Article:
Adrian Deheleanu

Începuturile aviaţiei române / The Beginnings of Romanian Aviation

Jan. 1, 2011

aviation unit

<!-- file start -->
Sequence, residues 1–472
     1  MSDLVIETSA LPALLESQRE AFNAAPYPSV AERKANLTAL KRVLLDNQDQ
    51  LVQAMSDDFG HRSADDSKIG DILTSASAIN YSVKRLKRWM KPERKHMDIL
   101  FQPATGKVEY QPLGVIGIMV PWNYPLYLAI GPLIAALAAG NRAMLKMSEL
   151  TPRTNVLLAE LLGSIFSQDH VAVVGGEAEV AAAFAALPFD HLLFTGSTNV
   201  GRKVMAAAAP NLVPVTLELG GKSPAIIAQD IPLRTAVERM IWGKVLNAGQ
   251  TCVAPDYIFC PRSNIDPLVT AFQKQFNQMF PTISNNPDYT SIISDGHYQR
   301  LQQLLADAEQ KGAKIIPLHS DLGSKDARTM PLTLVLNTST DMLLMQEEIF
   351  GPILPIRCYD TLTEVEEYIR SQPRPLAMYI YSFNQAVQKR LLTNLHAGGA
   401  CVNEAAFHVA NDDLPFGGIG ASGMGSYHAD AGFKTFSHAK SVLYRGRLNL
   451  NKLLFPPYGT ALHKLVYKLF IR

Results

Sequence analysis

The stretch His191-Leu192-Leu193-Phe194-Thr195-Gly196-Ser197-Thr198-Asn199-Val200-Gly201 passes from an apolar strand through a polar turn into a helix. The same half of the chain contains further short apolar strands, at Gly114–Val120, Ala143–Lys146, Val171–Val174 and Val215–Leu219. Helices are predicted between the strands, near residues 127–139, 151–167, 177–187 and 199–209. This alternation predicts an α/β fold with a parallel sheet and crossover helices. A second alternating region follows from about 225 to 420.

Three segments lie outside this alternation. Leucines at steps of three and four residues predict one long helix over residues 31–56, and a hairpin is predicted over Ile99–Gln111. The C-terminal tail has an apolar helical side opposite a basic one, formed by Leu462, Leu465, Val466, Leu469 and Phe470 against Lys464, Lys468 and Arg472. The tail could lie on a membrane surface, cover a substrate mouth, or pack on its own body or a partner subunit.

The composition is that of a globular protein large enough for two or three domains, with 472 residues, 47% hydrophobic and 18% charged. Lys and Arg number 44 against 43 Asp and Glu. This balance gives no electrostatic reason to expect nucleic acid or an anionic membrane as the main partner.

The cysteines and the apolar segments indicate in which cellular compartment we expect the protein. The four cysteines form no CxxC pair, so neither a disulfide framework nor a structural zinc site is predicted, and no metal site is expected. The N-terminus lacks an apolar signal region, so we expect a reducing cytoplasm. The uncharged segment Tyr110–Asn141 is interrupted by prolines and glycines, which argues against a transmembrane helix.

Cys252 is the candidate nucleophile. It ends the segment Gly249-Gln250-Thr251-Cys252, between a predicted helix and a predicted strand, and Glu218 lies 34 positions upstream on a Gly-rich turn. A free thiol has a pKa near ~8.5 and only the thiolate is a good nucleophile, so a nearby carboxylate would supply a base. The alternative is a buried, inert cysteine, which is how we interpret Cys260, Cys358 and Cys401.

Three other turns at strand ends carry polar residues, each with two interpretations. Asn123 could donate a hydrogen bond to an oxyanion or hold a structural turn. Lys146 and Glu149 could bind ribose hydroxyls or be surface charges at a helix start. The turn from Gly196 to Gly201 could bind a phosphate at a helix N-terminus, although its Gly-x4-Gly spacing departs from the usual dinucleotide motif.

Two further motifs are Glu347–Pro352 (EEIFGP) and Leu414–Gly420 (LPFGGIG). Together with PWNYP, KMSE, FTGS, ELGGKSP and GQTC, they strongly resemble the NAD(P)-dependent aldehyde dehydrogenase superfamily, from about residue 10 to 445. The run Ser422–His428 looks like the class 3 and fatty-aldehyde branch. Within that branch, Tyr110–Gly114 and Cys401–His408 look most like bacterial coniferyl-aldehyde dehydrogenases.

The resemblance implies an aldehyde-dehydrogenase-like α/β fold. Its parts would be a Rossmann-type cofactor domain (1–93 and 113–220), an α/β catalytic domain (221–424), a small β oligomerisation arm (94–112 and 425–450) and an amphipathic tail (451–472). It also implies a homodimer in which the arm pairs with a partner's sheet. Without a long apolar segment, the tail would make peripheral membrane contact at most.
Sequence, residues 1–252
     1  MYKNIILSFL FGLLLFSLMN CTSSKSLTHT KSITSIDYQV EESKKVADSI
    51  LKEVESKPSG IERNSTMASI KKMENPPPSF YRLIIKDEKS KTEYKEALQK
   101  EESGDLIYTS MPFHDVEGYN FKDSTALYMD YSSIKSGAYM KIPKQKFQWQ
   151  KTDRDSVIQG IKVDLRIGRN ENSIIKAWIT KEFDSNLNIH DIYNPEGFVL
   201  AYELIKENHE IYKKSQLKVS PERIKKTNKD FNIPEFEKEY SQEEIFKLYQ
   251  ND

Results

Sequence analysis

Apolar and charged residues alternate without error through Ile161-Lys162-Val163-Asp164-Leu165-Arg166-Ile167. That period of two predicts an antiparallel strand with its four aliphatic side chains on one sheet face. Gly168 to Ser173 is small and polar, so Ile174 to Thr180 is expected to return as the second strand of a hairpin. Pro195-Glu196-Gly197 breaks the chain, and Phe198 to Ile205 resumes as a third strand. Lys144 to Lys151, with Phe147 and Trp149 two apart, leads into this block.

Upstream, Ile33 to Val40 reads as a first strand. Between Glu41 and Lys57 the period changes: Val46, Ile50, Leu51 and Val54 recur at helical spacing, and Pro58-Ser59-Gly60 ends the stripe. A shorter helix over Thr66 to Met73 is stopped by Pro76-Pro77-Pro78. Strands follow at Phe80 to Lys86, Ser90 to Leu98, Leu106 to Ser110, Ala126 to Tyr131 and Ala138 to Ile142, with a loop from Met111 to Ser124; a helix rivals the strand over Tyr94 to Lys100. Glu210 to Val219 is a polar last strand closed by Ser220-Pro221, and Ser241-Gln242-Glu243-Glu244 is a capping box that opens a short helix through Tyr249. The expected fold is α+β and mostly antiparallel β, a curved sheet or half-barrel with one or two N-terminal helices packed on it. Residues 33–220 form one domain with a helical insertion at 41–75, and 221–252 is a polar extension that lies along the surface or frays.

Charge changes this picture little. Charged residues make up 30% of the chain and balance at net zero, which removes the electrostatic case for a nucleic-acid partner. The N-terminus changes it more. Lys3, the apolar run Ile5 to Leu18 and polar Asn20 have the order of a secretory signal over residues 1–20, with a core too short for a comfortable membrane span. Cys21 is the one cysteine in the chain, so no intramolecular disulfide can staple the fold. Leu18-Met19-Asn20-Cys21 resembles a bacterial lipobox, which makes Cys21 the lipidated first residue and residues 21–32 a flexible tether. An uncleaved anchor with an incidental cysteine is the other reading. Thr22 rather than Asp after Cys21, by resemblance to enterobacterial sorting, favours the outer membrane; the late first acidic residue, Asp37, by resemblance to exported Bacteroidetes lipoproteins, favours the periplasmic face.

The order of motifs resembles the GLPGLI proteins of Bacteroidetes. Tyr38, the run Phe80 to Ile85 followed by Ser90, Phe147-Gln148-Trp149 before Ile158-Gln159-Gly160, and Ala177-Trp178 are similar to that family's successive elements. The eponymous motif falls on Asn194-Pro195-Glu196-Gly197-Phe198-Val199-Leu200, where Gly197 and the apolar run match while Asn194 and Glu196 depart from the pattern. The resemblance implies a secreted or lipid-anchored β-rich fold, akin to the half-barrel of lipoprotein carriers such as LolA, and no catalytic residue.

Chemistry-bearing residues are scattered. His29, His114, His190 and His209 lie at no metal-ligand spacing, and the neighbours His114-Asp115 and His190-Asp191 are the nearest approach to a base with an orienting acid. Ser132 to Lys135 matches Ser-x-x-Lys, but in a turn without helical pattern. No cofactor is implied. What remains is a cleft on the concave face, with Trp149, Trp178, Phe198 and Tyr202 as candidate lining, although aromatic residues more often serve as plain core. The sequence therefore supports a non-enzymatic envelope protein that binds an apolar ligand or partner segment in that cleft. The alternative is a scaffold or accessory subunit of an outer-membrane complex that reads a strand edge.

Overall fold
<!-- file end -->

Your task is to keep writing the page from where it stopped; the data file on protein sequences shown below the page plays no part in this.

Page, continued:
Due to the great Romanian inventors, such as Vuia Traian, Aurel Vlaicu and Henri Coanda, Romania was one of the first countries possessing military aircraft capable of military operations during the First World War. Providing military aviation was a continuing concern during the period between late 1912 and the end of 1913. While planning during this period did lead to an increased number of planes, it failed to provide significant combat potential. The contribution of Romanian pilots in World War I was substantial and they acted in the field with great tactical agility, providing ground troops with important, often vital, information. During the First World War the Romanian pilots demonstrated their high soldierly virtues. In total they logged 8160 flight hours. These included 703 adjustments for the Romanian and Russian artillery, 6981 aerial photographs, 560 combat air missions, and dozens of bombing missions, from which 61, 8 tons of bombs were dropped on enemy targets. They also conducted over 80 link missions and 6 special air missions (launching the manifestos). In the two years of war, the enemy lost 41 aircraft, 31 being shot down by Romanian, French and British pilots, and 10 by the anti-aircraft artillery guns. At the time of entry into the war, the aircraft owned by the Romanian state were old model planes which were not armed. However, the aircraft were still used in combat missions, which led to heavy losses during the early days of the war. The lack of an aviation industry was acutely felt, and the equipping of the squadrons with planes was only possible after the arrival of the aircraft ordered in France or delivered by the Allies, according to the military agreement signed in August 1916. The Romanian Air Force had a particularly important role in the campaign during the summer of 1917, when the Moldavian front managed to stop the German offensive which aimed at removing Romania from the war and to strengthen the economy of the Central Powers. Reconnaissance aviation – centered on the discovery of enemy artillery positions and other depth targets, and military flight schools – which provided the optimum conditions for teaching aviation personnel – played an important role during the campaigns of 1916 and 1917. The successful use of aviation during the 1916–1918 campaign had direct consequences for the development of this weapon in the near future, and for its recognition as an elite weapon, able to respond rapidly to threats that were looming on the eastern and western borders of unified Romania. The changing world political, social and geographical situation, led to a development boom in science and culture in post-war Romania, and created a framework in which the further development of aviation was also a part. Aviation appeared in the first decade of the twentieth century. During this period of world aviation birth, which coincides with the beginnings of Romanian aviation, the creative genius of our people was manifested boldly in the domain of mechanical flight, emerging internationally, primarily through its representatives Traian Vuia, Aurel Vlaicu and Henri Coanda. Their achievements have contributed to the conception and development of global aviation. As a result, they occupy a well deserved place among the pioneers of aviation. The originality of their ideas, which they applied to building aircraft, along with the efforts and achievements of other Romanian manufacturers in the same period or later – give us the right to say that Romania is a country with a great tradition in the field of aircraft construction. It should be noted that the rise of aviation and its entry into the industrial age took place along with the preparation and the conduct of World War I. The plane was transformed from a curiosity into a powerful war machine; first used to observe the enemy and to conduct artillery spotting, and then for air combat missions for the destruction of living forces and military equipment, including the elimination of enemy aircraft.